So there is no one reason. It's very regionalized. I think the one country that you can look to that really didn't have any kind of COVID event, any brand new openings or restrictions is India, right? India has kind of been ahead of the game in recent months. And the number of new in India has been -- it's up 55%, 56% versus a year ago, and that's been a big driver of the business. So again, just kind of to reiterate, when we talk activity, we're talking -- it's a data metric, right? It's -- and the metric we're seeing that's really suffered the most is the number of new. And again, I think that's just something that will cycle through.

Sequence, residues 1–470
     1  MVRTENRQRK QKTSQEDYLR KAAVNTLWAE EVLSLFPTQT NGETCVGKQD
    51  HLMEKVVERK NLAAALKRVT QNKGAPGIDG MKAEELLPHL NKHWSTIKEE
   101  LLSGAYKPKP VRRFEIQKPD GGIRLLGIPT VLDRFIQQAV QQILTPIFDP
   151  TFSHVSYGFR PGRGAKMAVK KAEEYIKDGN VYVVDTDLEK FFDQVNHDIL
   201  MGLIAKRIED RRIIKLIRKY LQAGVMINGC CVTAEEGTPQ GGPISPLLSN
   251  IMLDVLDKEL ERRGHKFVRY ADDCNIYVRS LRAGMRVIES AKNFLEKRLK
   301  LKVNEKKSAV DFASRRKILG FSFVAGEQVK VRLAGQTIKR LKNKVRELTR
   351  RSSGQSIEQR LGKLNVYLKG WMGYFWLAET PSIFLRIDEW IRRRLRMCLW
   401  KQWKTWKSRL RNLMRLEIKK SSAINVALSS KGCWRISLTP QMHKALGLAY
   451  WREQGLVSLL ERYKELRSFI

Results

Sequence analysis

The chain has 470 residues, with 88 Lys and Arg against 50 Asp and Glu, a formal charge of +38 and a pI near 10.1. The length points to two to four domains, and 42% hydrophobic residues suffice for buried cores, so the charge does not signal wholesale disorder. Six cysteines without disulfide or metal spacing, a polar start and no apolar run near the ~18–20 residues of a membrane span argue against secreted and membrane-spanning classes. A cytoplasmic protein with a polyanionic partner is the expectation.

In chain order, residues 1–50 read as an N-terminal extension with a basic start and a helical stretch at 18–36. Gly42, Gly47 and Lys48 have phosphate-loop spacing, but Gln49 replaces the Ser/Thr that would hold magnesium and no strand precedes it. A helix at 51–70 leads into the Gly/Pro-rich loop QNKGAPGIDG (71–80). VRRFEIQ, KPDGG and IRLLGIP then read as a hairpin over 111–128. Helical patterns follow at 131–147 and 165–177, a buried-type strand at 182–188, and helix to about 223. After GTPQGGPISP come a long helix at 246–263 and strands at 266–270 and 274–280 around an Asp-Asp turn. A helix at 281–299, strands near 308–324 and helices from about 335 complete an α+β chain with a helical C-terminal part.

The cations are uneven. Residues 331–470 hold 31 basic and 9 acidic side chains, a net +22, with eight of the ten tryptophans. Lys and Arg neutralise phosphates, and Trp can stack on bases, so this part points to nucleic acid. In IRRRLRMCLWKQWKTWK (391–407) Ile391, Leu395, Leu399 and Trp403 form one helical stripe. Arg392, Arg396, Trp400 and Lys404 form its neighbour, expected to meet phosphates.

Hale Holden -- Barclays -- Analyst

All right, great. Thank you very much. Appreciate it.

Operator

Thank you. Our next question will come from William Reuter with Bank of America. Please go ahead.

Mary Ann -- Bank of America -- Analyst

Hi. This is Mary Ann on for Bill So I understand you have long-term contracts with many of your suppliers. But when will you renegotiate or renew those contracts? And now that you are seeing some raw material inflation, what kind of increases would you expect in these contracts?

Alex Amezquita -- Chief Financial Officer

Yes. So that's correct. So we are starting to see inflation creep into our cost of sales, not so much in Q3, but I do anticipate that it will be in Q4 and beyond. Those contracts that you've mentioned for a lot of our raws have been locked in with modest inflation on those. But if not all of our rows. And as it relates to other ingredients or inputs into cost of sales, whether it be freight, logistics, we are seeing some purchase price variances that are outside of the normal ranges.